Global trends: Latin America seeks growth as leaders straggle

Quito, Jan. 27, 2016: Ecuadoran President Rafael Correa (R) greets his Brazilian counterpart Dilma Rousseff (2-R) as the region’s leaders arrive in Ecuador to participate in the 4th Community of Latin American and Caribbean States (CELAC) Summit (source: dpa)
Quito, Jan. 27, 2016: Ecuadoran President Rafael Correa (R) greets his Brazilian counterpart Dilma Rousseff (2-R) as the region’s leaders arrive in Ecuador to participate in the 4th Community of Latin American and Caribbean States (CELAC) Summit (source: dpa)

Latin America has reached an inflection point. Recent developments suggest that parts of the region will make significant economic strides over the next few years. However, its two biggest economies – Brazil and Mexico – are stuck in the doldrums, and their politics may be in even worse shape.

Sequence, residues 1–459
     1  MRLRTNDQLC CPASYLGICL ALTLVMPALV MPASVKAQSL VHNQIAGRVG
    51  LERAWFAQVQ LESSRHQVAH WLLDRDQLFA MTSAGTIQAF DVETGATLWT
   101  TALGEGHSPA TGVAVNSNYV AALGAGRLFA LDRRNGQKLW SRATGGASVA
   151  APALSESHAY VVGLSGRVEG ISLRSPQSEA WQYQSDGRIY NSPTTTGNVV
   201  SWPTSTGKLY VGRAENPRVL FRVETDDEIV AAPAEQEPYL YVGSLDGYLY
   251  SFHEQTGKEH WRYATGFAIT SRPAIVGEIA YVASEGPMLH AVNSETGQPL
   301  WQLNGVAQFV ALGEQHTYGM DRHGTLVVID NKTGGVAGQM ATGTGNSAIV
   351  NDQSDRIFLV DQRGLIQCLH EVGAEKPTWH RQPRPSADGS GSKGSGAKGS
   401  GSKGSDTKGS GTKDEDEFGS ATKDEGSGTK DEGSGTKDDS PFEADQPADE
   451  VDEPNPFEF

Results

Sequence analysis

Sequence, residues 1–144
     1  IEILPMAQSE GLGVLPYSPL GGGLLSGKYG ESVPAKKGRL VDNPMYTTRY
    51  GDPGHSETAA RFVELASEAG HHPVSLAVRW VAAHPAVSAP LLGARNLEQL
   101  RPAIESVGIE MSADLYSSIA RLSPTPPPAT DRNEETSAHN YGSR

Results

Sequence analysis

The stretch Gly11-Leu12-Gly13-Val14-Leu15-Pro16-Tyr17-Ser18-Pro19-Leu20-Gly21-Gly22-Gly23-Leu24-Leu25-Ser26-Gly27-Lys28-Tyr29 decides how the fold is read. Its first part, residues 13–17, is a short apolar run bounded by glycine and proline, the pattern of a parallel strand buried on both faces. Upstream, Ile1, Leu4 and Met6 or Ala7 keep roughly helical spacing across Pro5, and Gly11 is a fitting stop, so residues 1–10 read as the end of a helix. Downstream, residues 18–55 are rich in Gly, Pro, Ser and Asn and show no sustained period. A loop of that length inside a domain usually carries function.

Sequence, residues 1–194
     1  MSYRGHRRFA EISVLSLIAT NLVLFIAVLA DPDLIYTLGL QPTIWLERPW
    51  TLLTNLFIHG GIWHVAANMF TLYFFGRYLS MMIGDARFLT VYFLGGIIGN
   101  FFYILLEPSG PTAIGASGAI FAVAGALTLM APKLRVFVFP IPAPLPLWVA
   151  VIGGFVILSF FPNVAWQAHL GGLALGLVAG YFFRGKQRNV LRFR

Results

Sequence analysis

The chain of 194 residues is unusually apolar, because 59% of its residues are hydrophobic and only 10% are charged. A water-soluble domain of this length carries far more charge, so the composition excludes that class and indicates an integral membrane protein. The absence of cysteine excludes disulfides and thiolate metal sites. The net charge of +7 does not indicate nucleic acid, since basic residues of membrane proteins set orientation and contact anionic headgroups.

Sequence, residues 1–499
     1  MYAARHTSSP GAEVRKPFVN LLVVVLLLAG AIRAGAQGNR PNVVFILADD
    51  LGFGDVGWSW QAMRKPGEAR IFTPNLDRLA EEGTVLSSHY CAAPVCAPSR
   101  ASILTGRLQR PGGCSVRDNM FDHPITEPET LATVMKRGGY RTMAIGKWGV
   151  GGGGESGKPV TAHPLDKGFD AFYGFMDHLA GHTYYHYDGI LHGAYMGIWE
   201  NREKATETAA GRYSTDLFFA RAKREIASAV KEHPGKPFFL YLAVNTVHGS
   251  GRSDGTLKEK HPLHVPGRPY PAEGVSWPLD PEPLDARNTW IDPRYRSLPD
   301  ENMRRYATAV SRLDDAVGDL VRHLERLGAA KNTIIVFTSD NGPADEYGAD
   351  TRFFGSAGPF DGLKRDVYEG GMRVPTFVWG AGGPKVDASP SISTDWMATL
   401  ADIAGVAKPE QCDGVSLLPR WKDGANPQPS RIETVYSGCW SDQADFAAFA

<i>This report is part of GIS’s “Global Trends” series, which aims to forecast big-picture scenarios that will shape the world this year and beyond.</i>

The sheer size of Brazil and Mexico is so great that their continued stagnation would exert a drag on the rest of Latin America, seriously undercutting growth and opportunities in the region’s economy and re...

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